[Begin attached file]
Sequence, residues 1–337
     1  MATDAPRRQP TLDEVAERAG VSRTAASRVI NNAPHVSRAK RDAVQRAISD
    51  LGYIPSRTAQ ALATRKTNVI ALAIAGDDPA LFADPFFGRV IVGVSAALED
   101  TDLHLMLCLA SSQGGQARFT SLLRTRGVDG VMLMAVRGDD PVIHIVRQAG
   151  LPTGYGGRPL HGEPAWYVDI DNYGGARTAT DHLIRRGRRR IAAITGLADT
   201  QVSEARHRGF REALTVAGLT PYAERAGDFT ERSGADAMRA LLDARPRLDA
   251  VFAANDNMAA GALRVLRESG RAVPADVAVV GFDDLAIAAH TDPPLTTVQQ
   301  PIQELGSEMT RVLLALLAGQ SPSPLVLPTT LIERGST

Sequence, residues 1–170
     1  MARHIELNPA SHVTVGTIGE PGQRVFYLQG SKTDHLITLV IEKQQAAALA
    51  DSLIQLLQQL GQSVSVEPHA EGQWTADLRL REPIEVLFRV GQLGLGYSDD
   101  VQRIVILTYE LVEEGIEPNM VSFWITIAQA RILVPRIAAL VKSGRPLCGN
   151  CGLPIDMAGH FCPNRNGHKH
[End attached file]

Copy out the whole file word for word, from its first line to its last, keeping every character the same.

Sequence, residues 1–337
     1  MATDAPRRQP TLDEVAERAG VSRTAASRVI NNAPHVSRAK RDAVQRAISD
    51  LGYIPSRTAQ ALATRKTNVI ALAIAGDDPA LFADPFFGRV IVGVSAALED
   101  TDLHLMLCLA SSQGGQARFT SLLRTRGVDG VMLMAVRGDD PVIHIVRQAG
   151  LPTGYGGRPL HGEPAWYVDI DNYGGARTAT DHLIRRGRRR IAAITGLADT
   201  QVSEARHRGF REALTVAGLT PYAERAGDFT ERSGADAMRA LLDARPRLDA
   251  VFAANDNMAA GALRVLRESG RAVPADVAVV GFDDLAIAAH TDPPLTTVQQ
   301  PIQELGSEMT RVLLALLAGQ SPSPLVLPTT LIERGST

Sequence, residues 1–170
     1  MARHIELNPA SHVTVGTIGE PGQRVFYLQG SKTDHLITLV IEKQQAAALA
    51  DSLIQLLQQL GQSVSVEPHA EGQWTADLRL REPIEVLFRV GQLGLGYSDD
   101  VQRIVILTYE LVEEGIEPNM VSFWITIAQA RILVPRIAAL VKSGRPLCGN
   151  CGLPIDMAGH FCPNRNGHKH